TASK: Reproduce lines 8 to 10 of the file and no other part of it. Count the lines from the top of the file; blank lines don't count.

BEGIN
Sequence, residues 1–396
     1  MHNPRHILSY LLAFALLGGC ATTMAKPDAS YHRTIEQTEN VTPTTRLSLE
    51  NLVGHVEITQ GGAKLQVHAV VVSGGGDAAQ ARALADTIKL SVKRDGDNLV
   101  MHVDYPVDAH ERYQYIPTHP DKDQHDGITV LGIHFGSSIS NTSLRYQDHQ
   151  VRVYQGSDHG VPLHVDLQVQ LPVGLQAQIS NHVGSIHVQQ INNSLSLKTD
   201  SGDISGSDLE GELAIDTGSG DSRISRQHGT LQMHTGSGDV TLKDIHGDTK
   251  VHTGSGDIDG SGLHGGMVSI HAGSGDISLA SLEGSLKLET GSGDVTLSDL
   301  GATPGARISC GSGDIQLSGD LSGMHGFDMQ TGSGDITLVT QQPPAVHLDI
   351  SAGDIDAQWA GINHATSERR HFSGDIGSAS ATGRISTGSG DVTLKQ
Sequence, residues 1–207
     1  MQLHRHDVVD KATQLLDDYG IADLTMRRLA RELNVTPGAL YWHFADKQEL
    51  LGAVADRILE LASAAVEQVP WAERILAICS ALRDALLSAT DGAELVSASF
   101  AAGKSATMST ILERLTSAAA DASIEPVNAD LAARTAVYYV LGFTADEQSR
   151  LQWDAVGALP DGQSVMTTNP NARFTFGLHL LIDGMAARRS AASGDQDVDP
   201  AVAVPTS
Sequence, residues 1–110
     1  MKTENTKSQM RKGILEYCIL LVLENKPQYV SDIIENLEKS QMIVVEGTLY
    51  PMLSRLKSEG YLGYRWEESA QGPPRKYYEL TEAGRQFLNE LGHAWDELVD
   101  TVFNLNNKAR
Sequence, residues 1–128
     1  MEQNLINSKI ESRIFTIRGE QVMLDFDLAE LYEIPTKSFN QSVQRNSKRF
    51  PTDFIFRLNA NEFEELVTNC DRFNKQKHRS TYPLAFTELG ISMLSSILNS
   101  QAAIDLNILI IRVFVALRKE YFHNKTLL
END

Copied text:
   301  GATPGARISC GSGDIQLSGD LSGMHGFDMQ TGSGDITLVT QQPPAVHLDI
   351  SAGDIDAQWA GINHATSERR HFSGDIGSAS ATGRISTGSG DVTLKQ
Sequence, residues 1–207